• Protecting workers against unscrupulous employers who fail to carry insurance coverage, by using fines collected from such violators to fund a pool to pay benefits to workers left uncovered
  • Helping injured workers return to productive work more quickly

"The best workers' compensation is a good paying job on an accident-free workplace," Murkowski said. "But if someone is injured, these reforms provide needed help quickly and effectively. I encourage everyone interested in a healthy Alaska economy to work together with Commissioner O'Claray to craft a timely solution to a problem that has gone unresolved for far too long."

jpg chart where your benefits go


Synopsis of 2005 Workers' Compensation Reform Act

The Murkowski Administration's workers' compensation reform legislation addresses five major elements of the system:

Medical Costs and Benefits

  • Rolls back state rates for reimbursement of medical services to injured workers to December 1999 levels, pending a medical review committee's study of the medical delivery system for workers' compensation to be delivered to the labor commissioner by March 1, 2007
  • Reduces medical costs by authorizing employers to use preferred providers and allowing employers to negotiate fee rates - while still letting employees choose providers outside the preferred list
  • Requires physicians treating injured workers to take advantage of the cost savings from generic prescription drugs - but allows exceptions for medical reasons
  • Authorizes physicians to prescribe from a preferred drug list, to obtain the same system-wide cost reductions that such a list provides to the Alaska Department of Health and Social Services
  • Adopts national peer-review medical treatment guidelines established by the American College of Occupational and Environmental Medicine

Workers' Rights

  • Protects workers against unscrupulous employers who fail to offer insurance coverage, by using fines collected from such violators to fund a pool to pay benefits to workers left uncovered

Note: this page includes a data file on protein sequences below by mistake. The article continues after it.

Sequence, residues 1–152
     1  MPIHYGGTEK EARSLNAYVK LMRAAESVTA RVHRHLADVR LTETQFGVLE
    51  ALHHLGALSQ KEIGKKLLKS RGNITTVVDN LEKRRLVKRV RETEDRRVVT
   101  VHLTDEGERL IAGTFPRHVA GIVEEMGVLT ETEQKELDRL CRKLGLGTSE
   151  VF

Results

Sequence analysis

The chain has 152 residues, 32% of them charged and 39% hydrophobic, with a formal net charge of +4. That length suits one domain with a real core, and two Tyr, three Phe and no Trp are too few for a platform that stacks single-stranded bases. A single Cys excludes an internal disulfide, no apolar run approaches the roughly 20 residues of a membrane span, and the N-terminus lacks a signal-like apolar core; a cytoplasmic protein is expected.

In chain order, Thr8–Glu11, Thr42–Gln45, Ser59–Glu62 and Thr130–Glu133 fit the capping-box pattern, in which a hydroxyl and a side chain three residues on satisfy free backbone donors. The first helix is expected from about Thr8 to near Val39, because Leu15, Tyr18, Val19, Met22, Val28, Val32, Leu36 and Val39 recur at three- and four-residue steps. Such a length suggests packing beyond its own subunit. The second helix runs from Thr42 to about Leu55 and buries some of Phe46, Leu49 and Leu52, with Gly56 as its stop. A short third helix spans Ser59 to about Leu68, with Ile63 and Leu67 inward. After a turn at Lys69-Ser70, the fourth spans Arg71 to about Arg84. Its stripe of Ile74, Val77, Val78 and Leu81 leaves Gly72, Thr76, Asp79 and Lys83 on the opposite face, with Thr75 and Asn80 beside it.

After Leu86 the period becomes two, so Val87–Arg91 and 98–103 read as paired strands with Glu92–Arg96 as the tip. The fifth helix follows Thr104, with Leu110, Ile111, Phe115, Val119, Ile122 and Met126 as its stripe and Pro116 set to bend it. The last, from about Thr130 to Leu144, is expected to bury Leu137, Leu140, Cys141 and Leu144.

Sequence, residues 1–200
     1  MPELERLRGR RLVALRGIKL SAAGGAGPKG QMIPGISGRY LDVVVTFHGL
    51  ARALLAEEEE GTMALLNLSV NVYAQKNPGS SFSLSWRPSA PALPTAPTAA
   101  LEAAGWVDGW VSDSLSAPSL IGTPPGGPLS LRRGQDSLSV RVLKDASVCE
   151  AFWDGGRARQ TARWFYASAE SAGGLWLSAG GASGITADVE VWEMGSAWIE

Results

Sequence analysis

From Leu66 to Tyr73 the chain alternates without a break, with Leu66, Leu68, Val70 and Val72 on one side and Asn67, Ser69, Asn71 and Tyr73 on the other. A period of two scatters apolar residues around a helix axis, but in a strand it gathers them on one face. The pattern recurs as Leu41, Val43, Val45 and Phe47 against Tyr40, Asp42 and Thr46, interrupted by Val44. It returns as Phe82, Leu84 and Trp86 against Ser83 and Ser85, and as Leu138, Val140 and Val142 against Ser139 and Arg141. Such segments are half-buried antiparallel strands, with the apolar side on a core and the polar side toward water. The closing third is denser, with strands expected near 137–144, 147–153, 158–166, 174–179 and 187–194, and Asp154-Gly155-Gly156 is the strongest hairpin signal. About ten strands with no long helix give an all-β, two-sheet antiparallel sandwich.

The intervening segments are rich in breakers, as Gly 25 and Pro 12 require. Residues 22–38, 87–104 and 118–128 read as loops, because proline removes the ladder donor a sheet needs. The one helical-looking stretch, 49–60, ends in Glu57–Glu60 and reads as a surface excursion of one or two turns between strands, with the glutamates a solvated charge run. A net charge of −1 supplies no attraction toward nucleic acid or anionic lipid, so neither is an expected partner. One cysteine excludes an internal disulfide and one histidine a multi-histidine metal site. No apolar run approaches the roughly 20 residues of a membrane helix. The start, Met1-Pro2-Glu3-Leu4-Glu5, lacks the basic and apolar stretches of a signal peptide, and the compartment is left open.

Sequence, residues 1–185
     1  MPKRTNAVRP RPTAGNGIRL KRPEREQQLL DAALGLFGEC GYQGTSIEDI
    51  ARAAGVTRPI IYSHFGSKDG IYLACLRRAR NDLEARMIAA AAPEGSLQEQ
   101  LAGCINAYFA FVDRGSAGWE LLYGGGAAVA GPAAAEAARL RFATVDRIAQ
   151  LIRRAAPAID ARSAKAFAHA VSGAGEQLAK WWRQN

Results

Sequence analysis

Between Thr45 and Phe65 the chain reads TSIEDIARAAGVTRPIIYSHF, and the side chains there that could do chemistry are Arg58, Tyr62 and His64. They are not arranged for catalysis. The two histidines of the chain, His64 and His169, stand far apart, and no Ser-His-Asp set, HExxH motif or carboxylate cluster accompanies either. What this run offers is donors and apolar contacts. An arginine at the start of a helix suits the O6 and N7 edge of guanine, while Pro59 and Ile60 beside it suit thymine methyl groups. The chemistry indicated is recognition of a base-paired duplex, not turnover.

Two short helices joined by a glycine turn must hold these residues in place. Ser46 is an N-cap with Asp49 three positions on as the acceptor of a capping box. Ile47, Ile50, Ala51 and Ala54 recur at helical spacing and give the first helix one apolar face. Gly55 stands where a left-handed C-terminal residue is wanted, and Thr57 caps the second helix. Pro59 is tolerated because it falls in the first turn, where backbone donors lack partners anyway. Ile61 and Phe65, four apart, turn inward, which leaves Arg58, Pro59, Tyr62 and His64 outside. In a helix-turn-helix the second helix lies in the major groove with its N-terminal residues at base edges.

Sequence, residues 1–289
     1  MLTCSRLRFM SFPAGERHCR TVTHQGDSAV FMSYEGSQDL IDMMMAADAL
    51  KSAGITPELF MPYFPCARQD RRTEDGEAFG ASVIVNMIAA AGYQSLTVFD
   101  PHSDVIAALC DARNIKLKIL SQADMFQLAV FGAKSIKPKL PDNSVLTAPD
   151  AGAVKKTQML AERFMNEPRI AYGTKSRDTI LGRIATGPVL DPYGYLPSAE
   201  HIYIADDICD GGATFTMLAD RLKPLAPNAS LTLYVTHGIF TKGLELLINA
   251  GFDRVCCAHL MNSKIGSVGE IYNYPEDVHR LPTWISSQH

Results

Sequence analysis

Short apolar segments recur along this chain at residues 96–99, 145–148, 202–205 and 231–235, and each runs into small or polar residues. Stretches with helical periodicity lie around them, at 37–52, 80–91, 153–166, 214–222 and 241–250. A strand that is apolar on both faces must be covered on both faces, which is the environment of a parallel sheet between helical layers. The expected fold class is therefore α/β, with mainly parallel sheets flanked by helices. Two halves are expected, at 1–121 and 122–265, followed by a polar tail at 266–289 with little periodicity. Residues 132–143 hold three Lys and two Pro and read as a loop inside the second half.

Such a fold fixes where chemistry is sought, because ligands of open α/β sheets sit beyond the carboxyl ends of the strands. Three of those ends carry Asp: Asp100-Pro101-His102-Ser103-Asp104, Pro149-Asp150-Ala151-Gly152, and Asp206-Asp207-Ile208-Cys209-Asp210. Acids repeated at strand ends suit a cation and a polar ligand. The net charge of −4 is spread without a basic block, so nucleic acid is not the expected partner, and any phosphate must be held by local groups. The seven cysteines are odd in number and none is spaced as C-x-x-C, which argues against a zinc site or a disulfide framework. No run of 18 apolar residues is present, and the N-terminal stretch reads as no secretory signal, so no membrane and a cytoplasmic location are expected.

• Eases worker access to legal advice, by allowing private attorneys to collect minimal fee ($300) to advise clients with workers' compensation issues
  • Authorizes state to contract with non-profit organizations to provide legal assistance to worker claimants and receive reimbursement from state

Workers' Compensation System

  • Establishes Appeals Commission to provide state-wide consistency in workers' compensation claim decisions, while preserving Workers' Compensation Board hearing process to speed resolution of contested claims
  • Eliminates Second Injury Fund, an indemnification mechanism no longer necessary to protect once-injured employees against hiring discrimination from subsequent employers
  • Reduces delays in determining workers' eligibility for retraining benefits
  • Allows injured workers the option to quickly receive cash benefits in lieu of retraining benefits
  • Streamlines claim process by requiring immediate release of treatment records to employers
  • Eases resolution of many claims by allowing parties with attorneys to settle cases without requiring review by workers' compensation board
  • Protects worker and employer privacy, and system integrity by banning commercial use of workers' compensation division's records
  • Speeds shut-down of uninsured employers by eliminating requirement for hearing before workers' compensation board
  • Increases fines against employers that fail to provide insurance
  • Combats insurance fraud by authorizing Division of Workers' Compensation to investigate fraud, and to refer violators for prosecution under an improved criminal statute


  • Prevents workers from earning more in benefits than wages, by allowing coordination of benefits between employer-funded disability insurance and total disability compensation
  • Caps compensation to nonresident workers at rate paid in Alaska, to Alaskans

Insurance System

  • Improves robustness of state workers' compensation insurance system by requiring insurers to create bonding pool to protect against individual firms' insolvency
  • Clarifies that employees of limited liability corporations may opt into state workers' compensation system

Source of News:

Office of the Governor
Web Site